and a touching finger. Although possibly helpful in the face
of the discussed attack, it is unlikely that manufacturers will
abandon this type of touchscreen.
Finally, the most effective countermeasure is user aware-
ness; the user must be suspicious about any phone accessory
coming from unknown or Untrustworthy sources.
6. Related Works
Previous work has shown that touchscreen events can
be gathered using malicious software running on the smart-
phone. This is the case even if the attacker cannot di-
rectly access the phone’s touchscreen API, and only has
access to a subset of its other sensors [4]–[6]. The use
of anti-virus software, strengthening the operating system,
and simply exercising user caution can serve as effective
defensive measures against such software-based attacks. In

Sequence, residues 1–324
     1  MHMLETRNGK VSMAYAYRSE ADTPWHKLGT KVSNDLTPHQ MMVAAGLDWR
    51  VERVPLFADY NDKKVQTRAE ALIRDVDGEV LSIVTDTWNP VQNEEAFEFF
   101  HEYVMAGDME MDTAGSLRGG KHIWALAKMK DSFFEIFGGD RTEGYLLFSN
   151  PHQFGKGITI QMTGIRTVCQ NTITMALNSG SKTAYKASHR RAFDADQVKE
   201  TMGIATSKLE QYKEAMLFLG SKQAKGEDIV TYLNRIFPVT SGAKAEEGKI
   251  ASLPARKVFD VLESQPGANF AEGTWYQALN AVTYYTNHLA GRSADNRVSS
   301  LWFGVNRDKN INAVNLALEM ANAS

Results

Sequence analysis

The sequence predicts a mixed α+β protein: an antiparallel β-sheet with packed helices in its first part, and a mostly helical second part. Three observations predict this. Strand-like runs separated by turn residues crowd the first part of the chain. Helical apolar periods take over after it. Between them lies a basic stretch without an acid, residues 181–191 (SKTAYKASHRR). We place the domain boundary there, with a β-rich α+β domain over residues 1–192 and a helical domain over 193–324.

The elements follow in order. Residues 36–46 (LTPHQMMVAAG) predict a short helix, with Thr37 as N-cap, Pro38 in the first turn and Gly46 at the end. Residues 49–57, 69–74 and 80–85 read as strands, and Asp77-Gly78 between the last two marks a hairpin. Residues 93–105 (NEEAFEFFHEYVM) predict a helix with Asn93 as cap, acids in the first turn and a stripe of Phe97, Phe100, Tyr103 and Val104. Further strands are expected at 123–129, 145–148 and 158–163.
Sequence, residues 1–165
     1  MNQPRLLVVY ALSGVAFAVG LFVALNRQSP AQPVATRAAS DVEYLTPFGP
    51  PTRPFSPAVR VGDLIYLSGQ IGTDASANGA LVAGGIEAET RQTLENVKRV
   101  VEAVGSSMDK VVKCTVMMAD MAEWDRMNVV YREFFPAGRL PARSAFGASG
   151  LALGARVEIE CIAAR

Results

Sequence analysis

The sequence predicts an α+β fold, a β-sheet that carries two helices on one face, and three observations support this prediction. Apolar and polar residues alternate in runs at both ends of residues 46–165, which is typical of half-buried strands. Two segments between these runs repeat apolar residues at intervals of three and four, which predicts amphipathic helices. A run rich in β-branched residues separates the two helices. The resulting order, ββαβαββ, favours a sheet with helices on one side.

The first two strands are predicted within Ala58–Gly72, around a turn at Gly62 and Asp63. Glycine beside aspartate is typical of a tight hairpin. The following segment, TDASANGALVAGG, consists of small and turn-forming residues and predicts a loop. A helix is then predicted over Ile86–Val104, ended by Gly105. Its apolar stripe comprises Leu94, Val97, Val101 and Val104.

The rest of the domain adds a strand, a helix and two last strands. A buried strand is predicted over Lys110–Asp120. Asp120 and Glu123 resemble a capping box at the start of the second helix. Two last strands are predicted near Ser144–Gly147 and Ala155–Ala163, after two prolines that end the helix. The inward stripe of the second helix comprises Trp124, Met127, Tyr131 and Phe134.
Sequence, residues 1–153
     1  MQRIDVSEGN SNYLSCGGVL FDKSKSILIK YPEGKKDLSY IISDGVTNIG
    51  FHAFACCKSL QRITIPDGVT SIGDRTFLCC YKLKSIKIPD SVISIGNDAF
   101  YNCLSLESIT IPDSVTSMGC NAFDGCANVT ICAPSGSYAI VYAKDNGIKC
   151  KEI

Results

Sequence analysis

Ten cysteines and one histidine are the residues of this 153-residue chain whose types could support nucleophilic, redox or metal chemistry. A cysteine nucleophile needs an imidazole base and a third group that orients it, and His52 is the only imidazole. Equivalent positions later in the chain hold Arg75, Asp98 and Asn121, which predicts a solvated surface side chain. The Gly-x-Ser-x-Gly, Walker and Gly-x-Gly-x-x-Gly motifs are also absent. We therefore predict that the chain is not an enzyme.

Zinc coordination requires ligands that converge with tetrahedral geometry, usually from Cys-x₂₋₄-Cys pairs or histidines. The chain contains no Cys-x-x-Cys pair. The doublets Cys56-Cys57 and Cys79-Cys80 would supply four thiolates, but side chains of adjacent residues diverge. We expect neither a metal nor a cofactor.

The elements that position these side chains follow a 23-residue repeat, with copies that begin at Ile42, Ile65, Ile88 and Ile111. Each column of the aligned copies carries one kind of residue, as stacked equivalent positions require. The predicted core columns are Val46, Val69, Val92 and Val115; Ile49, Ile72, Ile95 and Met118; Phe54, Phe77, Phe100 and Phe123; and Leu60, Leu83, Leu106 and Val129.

2007, Sekiguchi demonstrated an approach for detecting
touch screen events based on analysis of the electromagnetic
noise emitted by the touchscreen [7]. This method requires
expensive equipment, and is difficult for the attacker to
carry out in an adversarial situation. In 2015, Ali et al.
showed how the formation and direction of a user’s hands
can be detected by their effect on Wi-Fi signals [8]. Their
attack assumed that the victim is positioned between two
cooperating Wi-Fi transceivers, an assumption which is less
practical in the context of a hardware implant. Low-tech
measures such as shoulder surfing [9] can also be used to
obtain touch screen data.
7. Conclusions and Future Work
We investigated the use of a malicious smartphone pro-
tective case as a side-channel to infer patterns drawn on
a smartphone touchscreen. We observed that a case with